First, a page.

Wednesday, July 1, 2009

50 - 400: Who You'd Be Today

Think about regrets for a moment. Everyone has them, whether for "only wondering what if" or for "my life would have been so much better if" they'd done X. Some regrets are tiny, insignificant; some are huge, life-shaping. Most are somewhere in between.

My biggest regret concerns my children. They moved far away with their mom in 2003, when she got her career job. The separation from them is still very, very sad, but it's not specifically the regret. No, the regret is that I didn't insist that their mother and I amend the custody/visitation stipulations in our separation agreement, which was the basis of our divorce decree.

It would have been smart to have a required structure for when and how long I would have physical custody of the kids each year. The time I have with them gets shorter each year. That's partly to be expected, since as they get older they more surely get their own lives, and that's just the way things are supposed to be. And, as the two oldest are now legally adults, they get to choose when, indeed if, to visit. I'm happy that they still choose to come back to North Carolina. More than that, I'm proud that they do. It speaks volumes to the quality of the relationships we have with each other.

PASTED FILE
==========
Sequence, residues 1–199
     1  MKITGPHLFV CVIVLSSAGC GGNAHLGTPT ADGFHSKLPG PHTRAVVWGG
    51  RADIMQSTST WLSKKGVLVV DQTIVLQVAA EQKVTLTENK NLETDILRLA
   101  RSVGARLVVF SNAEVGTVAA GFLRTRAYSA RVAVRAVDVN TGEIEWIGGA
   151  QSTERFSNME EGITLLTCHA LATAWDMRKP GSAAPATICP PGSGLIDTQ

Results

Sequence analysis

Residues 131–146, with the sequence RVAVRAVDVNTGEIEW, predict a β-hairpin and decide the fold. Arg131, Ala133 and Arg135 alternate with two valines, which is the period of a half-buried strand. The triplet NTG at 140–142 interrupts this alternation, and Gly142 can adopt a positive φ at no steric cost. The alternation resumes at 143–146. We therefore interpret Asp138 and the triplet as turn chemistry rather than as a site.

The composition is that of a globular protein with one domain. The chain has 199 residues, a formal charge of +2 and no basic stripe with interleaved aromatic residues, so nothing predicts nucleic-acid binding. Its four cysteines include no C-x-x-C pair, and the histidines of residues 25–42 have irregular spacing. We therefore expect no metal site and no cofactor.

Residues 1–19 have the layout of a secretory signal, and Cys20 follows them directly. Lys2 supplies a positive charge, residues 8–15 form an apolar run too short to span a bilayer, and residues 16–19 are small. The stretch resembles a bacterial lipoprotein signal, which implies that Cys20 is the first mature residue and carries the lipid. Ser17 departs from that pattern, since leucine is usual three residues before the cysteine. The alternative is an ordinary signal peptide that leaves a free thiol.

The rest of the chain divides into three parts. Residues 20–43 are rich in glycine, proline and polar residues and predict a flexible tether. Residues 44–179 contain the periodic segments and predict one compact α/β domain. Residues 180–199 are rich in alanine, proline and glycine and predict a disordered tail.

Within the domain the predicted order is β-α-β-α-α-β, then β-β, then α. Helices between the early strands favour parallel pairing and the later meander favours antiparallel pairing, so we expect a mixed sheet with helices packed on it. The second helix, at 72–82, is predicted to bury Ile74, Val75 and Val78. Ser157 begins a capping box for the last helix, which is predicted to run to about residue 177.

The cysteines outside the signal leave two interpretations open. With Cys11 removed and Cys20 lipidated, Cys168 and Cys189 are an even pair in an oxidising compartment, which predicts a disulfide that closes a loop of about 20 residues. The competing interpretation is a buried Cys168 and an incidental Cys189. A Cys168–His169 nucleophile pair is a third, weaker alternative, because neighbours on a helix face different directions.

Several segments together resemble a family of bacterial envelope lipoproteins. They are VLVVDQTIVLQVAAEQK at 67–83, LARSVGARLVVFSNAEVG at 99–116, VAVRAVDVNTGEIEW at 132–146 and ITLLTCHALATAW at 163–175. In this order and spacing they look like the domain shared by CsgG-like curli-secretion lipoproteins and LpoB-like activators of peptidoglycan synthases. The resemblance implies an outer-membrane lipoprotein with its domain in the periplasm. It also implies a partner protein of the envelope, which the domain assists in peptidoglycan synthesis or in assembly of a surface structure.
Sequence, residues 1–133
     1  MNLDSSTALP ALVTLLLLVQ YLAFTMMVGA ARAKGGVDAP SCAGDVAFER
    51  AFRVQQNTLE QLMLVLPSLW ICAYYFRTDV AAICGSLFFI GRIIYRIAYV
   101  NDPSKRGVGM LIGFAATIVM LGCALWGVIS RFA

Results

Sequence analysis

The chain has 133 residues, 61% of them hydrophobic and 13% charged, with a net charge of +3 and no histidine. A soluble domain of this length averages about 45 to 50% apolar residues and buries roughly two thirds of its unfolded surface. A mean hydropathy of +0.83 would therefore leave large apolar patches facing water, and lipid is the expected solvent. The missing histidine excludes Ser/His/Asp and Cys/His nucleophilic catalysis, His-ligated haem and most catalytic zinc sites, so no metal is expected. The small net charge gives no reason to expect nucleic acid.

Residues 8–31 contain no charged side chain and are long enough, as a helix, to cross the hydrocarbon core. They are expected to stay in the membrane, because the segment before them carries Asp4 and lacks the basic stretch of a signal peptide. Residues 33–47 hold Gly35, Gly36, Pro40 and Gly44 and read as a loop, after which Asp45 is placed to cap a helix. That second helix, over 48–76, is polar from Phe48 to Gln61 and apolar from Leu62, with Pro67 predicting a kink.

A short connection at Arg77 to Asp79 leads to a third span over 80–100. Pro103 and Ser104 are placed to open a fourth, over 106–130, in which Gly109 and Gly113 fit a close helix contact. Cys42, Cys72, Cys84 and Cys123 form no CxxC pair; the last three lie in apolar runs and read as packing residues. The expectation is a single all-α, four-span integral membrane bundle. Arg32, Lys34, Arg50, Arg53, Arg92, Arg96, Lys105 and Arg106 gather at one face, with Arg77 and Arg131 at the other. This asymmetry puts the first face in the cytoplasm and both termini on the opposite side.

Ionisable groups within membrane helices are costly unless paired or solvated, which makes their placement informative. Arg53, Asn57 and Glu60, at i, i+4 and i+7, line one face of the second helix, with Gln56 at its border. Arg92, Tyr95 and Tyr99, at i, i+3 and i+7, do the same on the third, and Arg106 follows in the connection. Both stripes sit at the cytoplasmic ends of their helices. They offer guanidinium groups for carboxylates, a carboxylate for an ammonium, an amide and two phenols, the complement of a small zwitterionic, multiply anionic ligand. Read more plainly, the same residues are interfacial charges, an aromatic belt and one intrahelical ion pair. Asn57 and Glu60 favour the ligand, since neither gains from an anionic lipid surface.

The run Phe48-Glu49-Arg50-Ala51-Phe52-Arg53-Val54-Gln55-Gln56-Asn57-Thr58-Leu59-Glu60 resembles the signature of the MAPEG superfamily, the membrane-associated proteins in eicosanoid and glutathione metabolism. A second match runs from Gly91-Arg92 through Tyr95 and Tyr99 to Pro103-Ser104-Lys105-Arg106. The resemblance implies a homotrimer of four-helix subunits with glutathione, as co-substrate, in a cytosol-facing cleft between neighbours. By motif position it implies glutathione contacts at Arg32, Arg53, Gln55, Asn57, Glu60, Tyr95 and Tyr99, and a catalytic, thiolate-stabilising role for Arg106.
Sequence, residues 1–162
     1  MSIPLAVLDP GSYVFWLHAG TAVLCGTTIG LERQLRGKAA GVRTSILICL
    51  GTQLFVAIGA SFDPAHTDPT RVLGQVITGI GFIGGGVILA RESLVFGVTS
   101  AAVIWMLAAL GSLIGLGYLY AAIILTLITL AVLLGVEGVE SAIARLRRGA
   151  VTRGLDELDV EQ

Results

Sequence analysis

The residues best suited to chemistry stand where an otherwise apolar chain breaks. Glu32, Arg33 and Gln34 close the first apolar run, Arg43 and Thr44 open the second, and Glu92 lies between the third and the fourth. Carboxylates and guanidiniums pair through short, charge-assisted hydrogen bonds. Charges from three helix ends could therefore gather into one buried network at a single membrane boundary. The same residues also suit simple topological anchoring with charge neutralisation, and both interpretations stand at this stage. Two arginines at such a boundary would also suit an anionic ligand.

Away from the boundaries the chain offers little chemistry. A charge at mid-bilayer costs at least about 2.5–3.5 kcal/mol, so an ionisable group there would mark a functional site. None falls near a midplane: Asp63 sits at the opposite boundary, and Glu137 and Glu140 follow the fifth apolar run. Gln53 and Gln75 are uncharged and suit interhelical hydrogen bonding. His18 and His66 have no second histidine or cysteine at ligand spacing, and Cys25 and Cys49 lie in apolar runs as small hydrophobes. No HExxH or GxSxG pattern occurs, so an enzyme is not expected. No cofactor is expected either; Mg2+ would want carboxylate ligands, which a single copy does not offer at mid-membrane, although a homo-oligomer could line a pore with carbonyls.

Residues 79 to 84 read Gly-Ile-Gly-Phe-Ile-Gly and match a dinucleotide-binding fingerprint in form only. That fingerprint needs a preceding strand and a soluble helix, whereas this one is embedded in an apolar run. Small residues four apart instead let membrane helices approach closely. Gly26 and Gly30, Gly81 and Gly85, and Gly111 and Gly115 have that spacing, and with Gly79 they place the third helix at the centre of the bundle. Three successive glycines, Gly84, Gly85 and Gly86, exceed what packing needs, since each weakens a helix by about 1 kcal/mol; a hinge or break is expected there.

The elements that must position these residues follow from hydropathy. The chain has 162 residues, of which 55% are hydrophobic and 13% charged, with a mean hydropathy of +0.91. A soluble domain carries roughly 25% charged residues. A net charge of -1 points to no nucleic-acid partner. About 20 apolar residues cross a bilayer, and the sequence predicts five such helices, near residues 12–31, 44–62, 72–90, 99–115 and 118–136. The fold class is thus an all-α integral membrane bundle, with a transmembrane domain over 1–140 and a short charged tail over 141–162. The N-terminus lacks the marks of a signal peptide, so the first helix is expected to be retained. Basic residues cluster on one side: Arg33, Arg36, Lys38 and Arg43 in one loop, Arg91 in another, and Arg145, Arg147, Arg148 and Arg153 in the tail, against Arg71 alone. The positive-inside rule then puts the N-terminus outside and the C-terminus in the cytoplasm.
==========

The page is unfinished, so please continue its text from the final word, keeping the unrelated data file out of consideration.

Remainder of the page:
My youngest child is still a minor, but he has a job, he plays in a band, he has friends, he has a life completely outside my influence, completely outside my knowledge. I desperately want to have him here more, but I will not try to force the issue.

I believe I have, and want to keep, the same quality of relationship with him that I do with his sister and brother.

Now, what do regrets and visitation have to do with a Kenny Chesney song, especially one about death? Up until the last line, Who You'd Be Today is one of the saddest, bleakest songs in the world, about loss and sorrowful memories. This fits how I see the part of their childhoods my daughter and sons got to spend with me. It's mostly gone, and many of the memories are touched by, perhaps even charged with, the emotions the song evokes.

But what about that last line? The only thing that gives me hope, Is I know I'll see you again some day.

I'm a sucker for a redemption story, the optimist looking for a rainbow to chase down, a windmill to tilt at. My children are how I look on the sunny side.

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Now playing: Kenny Chesney - Who You'd Be Today
via FoxyTunes

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